When you have a child, Mother’s Day is one of those holiday milestones you look forward to. Or you hope to, anyway. Many of us envision sleeping in, being served breakfast in bed by the kids and handed flowers by our doting husband or partner. Everyone is all smiles and ready for a perfect day..….except, when it isn’t.
My first Mother’s Day left much to be desired. It was May 8, 2005, which was also my son’s 6-month birthday. And it was also one of those unwritten deadlines that I gave myself to “feel better.” Unbeknownst to me at the time, I was suffering from a perinatal mood and anxiety disorder, more specifically postpartum OCD. I had it in my head that all the intrusive thoughts would just go away. This deadline made all the sense in the world to me.
After all, it was my first Mother’s Day and Corey’s 6-month birthday, right? I was to wake up that morning with my breakfast in bed, flowers, smiles, etc… and all will be dandy.
Except it wasn’t.
Being that it was 15 years ago, the memories are a little fuzzy. What I do remember clearly is NOT feeling better. Crap. “It” didn’t go away.
Now, my husband did go out early with my son to buy me the obligatory large coffee from the deli and a breakfast sandwich. But shortly after, we were heading to lunch with my parents, aunt, uncle and cousins at a diner about 45 minutes away. As we were driving there, I felt a little queasy, but figured that it would pass. We walked into the diner and members of my family were in the waiting area. So many people. It was hot. I was sweating. And crowded and I didn’t want to be there. I couldn’t be there. I had to step outside for air. They’re calling me in now – the table is ready. I can’t do this. And we left. I never even made it to the table and I don’t think I even saw my whole family.
When we arrived home, I crawled into bed. I asked my husband to keep my son away from me, as I didn’t want to spread any germs in the case that I was really sick. A little while passed by and my husband asked if he could take my son and spend the rest of Mother’s Day with his mother. He’d let me rest and relax. And it was fine….go. I just wanted to be alone and to sleep, which I did for the rest of the day on and off.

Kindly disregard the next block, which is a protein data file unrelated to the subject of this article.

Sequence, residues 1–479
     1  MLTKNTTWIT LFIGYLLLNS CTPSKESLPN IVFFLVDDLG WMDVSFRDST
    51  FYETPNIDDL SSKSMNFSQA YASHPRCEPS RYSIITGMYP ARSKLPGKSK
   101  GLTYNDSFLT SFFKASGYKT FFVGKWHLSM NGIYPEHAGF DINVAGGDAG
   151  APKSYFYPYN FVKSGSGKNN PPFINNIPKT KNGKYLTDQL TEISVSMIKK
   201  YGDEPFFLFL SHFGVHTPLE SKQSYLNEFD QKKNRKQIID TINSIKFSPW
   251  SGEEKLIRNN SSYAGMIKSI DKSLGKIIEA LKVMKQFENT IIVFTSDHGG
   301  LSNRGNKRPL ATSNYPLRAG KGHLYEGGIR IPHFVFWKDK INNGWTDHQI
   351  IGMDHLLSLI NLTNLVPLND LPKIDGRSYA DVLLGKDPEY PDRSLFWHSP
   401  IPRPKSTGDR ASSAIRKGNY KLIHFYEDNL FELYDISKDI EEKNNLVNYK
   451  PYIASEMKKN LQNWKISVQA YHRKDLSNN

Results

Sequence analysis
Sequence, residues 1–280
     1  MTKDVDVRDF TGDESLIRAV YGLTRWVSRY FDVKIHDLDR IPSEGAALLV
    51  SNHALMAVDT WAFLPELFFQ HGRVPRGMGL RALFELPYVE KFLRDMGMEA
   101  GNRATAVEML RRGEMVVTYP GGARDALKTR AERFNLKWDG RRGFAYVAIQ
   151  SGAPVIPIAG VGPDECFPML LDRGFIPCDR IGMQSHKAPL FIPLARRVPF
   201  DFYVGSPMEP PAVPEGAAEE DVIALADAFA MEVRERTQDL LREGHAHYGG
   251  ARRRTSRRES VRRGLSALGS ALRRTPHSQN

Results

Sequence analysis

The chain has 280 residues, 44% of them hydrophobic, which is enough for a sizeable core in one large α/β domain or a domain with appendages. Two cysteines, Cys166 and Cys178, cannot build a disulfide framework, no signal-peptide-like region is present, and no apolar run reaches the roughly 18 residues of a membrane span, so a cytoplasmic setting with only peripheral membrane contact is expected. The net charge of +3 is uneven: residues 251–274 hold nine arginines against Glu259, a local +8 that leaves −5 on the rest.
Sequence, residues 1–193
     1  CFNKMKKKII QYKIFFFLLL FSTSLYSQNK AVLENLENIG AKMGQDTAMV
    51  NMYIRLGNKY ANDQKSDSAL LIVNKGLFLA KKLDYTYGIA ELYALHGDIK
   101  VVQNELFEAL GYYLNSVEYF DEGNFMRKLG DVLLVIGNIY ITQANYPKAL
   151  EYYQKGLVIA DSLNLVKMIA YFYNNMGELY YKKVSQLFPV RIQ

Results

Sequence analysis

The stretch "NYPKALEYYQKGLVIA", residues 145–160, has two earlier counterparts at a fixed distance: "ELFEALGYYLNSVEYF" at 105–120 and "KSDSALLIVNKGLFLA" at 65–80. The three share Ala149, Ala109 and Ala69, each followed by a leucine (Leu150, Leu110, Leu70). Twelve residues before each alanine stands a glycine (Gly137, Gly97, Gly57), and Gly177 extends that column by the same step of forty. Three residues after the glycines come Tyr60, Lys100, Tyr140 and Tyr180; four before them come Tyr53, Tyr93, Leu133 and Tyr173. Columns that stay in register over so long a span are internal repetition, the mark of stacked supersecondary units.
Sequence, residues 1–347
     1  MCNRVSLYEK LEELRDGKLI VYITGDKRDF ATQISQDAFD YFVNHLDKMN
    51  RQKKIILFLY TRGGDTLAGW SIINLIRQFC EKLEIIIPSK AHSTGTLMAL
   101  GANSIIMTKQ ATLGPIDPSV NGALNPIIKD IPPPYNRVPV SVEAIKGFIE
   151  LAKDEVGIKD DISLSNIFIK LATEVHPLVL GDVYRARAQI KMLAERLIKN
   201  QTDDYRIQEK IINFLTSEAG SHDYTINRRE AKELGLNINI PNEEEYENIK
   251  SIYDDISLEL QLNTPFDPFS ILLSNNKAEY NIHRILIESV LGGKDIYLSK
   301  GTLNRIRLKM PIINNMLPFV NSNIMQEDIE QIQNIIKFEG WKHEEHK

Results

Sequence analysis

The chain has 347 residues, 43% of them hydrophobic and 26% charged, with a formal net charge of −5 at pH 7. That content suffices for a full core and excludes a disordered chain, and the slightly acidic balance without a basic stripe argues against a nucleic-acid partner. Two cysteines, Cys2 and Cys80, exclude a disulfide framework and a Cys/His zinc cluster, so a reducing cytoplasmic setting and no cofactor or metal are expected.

It was my first Mother’s Day. My beautiful son’s 6-month birthday. Two milestones. Gone. I’ll never get that back. This was supposed to be a good day.
Fast forward 1 year to Mother’s Day 2006 – May 14th. My son just turned 18 months old. It had been about 4 months since I was officially diagnosed with a PMAD, started therapy and began to take meds. I was starting to feel like myself again! We held the Mother’s Day celebration in our apartment, with my side of the family and my husband’s side of the family all in attendance. It was truly a time to celebrate!
Fast forward another year to Mother’s Day 2007 – May 13th. I had found out that week that I was expecting again – all fully planned. We spent the morning at the playground with my parents and watching my son playing. We shared the news that day with my parents that Corey would be a big brother later on that year.
What a world of difference – in the span of two short years! On that first Mother’s Day, no one could have convinced me that this day would ever be a day that I’d look forward to. I’d always be sucked back into how I felt on that first Mother’s Day. The day would forever be officially ruined. I’m happy to say that this couldn’t be further from the truth. That said, I will never forget how low I felt on that first Mother’s Day. It makes me quite thankful and grateful for my eventual diagnosis and subsequent recovery. It’s a time for me to reflect and celebrate how far I’ve come in this motherhood gig!